Sorption thermodynamics and aggregation as controls of substrate use and mineralization
Sorption strength of organic molecules to minerals and the stability of aggregates protecting organic substrates are among the boundary conditions that shape the channel for energy and matter used by the microbial community in soils. Although the stabilization of organic matter against microbial use and mineralization in soil has been linked to sorption, its relationship to the thermodynamics of sorption processes has not been quantified so far. Furthermore, the impact of soil aggregation and soil microbial diversity on this relationship is unknown. To analyze these boundary conditions, we will test the following hypotheses:
(H I) sorption and desorption energies increase with increasing polarity and degree of oxidation of the sorbate and increasing number of surface hydroxyl groups of the sorbent,
(H II) microbial substrate use decreases with decreasing Gibbs free energies of sorption, increasing thermodynamic sorption hysteresis and activation energy of desorption with thermodynamic thresholds for the use of sorbed substrates,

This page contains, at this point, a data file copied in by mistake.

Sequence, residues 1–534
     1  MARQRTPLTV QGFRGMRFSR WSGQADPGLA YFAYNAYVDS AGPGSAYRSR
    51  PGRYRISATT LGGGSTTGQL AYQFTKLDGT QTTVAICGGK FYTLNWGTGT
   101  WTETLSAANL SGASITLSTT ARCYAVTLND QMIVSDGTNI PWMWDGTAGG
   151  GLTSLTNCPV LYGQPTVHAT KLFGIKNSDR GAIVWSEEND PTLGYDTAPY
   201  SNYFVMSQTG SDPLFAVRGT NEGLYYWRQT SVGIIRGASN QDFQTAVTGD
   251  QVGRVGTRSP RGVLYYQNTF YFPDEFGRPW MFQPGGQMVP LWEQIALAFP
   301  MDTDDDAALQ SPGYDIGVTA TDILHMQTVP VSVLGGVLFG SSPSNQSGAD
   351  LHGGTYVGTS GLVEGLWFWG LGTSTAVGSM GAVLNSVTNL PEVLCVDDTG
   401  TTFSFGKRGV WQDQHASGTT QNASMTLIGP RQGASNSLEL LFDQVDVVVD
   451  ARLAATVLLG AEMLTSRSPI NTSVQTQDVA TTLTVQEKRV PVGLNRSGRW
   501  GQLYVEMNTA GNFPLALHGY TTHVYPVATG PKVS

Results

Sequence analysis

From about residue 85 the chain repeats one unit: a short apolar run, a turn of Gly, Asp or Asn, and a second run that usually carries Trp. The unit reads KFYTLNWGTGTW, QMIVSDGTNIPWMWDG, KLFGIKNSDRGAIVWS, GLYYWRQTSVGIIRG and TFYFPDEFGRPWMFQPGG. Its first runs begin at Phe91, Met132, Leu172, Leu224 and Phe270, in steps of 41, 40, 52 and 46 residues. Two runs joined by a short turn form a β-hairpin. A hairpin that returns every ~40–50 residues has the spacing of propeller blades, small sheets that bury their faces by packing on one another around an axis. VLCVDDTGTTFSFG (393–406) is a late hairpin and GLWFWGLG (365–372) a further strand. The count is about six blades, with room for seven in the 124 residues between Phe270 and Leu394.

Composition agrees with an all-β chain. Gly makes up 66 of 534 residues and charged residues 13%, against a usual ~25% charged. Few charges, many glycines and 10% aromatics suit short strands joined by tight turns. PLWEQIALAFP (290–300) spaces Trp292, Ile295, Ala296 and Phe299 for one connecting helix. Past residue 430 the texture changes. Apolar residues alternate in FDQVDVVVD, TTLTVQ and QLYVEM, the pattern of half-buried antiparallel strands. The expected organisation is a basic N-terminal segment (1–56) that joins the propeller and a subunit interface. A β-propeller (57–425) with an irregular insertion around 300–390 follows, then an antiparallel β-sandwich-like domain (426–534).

(H III) thermodynamic thresholds for microbial use of sorbed substrates increases with increasing functional diversity of the soil microbial community and
(H IV) high physical protection of substrates within aggregates undermines the importance of sorption thermodynamics for microbial substrate use.
We will be determining Gibbs free energies of sorption reactions, sorption enthalpies and entropies, activation energies of desorption reactions and losses of molar free energy due to sorption hysteresis based on studies with 14C-labelled model substrates and model minerals.
Furthermore, we will use miniaturized incubation experiments with SPP soil samples to determine use and mineralization of labelled model substrates adsorbed to model mineral mixed into SPP soils. We will also investigate the role of functional diversity in mineralization by a second incubation experiment with SPP soils spiked with extracted microbes to manipulate microbial diversity or nutrients based on enzymatic analyses. Finally, the mineralization of selected labelled model substances adsorbed to dispersed and aggregated soil systems that were characterized morphologically and physically will be measured. Combining the expected results, our project will deliver essential insights for the integration of sorption processes and aggregation into thermodynamic concepts of soil ecosystem functioning and development.